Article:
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Seattle, WA 98116

(206) 201-2181

Tandem Powered offers a full suite of Professional Resume Writing, Career Development, and HR / Business Consulting services.


Tandem Powered's blog is dedicated to empowering readers by highlighting best practices in the arena of resume writing, career development, and organizational effectiveness, as well as by providing readers with an insider's view of the corporate hiring process.


Kent Nolen

Over the next several weeks, I’ll be responding to frequently asked questions that have not been addressed here on the blog recently. Q: I am 27 and have already had 4 jobs since graduating from college. With the economy being so sour, I’m afraid that my “job hopping” is really going to hurt me.  How can I downplay this on a resume?

A: I get a lot of questions expressing concern over the appearance of job-hopping on a resume. First off, I want to acknowledge that, yes, several jobs within a short span of time can present a tricky dilemma on a resume. At the very least, it can be problematic in terms of flow and overall appearance.  I have some good (possibly even surprising) news though.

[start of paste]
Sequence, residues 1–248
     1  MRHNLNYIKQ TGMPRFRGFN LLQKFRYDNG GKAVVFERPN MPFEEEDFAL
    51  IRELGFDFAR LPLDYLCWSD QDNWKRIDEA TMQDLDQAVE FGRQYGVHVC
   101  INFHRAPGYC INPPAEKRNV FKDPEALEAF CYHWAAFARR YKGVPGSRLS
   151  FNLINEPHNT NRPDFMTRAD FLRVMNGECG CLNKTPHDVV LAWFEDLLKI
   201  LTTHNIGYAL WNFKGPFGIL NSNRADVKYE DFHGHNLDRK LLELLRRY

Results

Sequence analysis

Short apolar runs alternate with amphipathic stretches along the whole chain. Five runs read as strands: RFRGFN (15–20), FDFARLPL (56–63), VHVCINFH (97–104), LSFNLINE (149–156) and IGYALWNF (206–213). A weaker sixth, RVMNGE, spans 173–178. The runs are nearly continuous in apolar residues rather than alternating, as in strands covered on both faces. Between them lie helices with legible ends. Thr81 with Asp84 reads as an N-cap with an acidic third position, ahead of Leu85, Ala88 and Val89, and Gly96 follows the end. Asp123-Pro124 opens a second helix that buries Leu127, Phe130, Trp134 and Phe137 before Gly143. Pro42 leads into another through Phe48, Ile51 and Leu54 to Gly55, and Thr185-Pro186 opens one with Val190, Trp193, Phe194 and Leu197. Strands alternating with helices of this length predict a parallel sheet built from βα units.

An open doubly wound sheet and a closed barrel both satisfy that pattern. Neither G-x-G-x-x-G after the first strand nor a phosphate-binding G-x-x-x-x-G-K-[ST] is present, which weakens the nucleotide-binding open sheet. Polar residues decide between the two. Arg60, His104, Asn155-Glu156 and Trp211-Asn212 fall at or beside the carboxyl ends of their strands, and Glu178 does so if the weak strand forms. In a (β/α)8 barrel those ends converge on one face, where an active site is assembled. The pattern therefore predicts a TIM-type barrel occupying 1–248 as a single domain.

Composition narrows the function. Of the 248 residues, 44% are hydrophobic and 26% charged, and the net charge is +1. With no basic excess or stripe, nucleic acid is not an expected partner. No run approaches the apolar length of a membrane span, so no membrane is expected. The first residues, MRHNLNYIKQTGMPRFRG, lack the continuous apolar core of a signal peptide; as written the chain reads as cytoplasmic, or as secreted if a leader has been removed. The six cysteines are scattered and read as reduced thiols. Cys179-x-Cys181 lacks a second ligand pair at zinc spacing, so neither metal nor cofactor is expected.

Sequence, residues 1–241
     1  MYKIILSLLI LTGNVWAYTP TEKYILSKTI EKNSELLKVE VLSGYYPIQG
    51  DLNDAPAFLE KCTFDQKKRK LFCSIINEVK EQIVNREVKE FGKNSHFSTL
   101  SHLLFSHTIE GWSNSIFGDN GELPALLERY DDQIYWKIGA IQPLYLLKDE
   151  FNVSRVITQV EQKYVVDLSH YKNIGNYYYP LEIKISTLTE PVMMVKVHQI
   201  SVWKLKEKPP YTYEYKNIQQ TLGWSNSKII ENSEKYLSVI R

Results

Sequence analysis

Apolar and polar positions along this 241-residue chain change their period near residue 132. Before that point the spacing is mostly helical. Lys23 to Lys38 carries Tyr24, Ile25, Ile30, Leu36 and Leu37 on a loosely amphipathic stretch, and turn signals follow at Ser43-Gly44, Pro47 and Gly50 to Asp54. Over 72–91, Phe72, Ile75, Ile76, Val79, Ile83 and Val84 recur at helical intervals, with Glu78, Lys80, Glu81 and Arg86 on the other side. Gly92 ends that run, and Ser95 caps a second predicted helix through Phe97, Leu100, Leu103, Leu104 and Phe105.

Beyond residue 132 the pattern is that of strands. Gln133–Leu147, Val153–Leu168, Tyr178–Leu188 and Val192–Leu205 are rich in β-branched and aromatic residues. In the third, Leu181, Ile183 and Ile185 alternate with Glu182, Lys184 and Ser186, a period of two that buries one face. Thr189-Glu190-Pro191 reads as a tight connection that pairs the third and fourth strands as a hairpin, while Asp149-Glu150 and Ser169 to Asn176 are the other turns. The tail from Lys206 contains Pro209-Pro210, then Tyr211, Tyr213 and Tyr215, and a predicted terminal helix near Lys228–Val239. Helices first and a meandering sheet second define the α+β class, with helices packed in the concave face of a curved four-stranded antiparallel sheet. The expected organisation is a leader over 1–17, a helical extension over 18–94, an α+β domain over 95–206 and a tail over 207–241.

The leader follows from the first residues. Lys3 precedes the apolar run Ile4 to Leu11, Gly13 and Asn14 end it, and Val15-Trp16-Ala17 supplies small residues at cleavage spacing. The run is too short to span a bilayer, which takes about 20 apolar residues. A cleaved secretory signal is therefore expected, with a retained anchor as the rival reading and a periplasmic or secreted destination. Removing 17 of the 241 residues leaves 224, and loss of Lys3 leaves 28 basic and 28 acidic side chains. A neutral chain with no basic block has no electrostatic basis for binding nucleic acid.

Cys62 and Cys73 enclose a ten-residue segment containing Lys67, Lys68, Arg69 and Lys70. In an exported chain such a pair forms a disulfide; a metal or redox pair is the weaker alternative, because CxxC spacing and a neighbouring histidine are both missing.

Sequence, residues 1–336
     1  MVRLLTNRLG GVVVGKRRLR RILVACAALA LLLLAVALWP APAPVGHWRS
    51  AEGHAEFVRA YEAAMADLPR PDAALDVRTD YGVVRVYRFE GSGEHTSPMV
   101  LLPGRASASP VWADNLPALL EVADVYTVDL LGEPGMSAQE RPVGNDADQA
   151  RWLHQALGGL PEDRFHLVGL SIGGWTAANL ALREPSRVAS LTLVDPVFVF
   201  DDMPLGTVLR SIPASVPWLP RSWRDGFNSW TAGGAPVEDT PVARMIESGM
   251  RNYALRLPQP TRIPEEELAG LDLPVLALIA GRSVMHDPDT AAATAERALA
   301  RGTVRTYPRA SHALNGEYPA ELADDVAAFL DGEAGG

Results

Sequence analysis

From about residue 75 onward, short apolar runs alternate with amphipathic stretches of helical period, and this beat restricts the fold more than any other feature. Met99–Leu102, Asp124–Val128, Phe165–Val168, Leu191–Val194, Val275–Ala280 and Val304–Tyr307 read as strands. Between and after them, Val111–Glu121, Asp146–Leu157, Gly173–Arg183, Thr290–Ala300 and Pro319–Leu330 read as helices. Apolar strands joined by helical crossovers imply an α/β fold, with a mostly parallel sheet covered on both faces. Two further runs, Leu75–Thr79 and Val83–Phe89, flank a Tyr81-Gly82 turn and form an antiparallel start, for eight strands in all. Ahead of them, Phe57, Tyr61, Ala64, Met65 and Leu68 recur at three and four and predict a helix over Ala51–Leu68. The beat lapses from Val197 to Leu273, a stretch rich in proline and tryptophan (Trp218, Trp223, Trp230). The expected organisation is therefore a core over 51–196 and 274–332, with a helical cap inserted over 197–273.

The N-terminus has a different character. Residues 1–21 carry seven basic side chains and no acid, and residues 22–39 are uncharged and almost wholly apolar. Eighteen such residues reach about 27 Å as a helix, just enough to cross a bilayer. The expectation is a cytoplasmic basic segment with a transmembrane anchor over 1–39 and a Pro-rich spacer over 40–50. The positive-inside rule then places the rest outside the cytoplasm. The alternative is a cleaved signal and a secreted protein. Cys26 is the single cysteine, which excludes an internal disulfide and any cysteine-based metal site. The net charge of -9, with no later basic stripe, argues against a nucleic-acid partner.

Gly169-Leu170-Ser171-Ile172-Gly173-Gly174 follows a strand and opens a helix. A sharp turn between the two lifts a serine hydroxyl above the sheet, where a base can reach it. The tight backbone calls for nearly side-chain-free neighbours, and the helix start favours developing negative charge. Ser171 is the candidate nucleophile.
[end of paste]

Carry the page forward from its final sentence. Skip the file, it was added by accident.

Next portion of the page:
Here’s the reality…  Switching jobs with some frequency is becoming increasingly common – and acceptable – as time goes on.  If you take a look at statistics through time, from a workforce of Baby Boomers followed by Gen X and Gen Y, you see that longevity in the workplace has become less and less the norm. Pension Plans are disappearing, as are mind-blowing awards for 30 years of service. Say good-buy to the era of gold watches.

This is the way that the world of work is evolving.  As I’ve said before, it’s most important that you can show that you are on top of your career – not the other way around.  So, whether you’ve been with an employer for 18 months or 18 years, future employers are mainly concerned with your command of your career. Are some employers impressed with long employment stints? Absolutely.  However, as we move towards increasingly agile workplaces, longevity can work against you. Many employers want proof that you have a strong bias for action and change. Many see a candidate’s experience in many roles as confirmation of this.

Let go of outmoded ideas of what an ideal career progression looks like. Get comfortable embracing your work history – no matter how scattered you think it may be.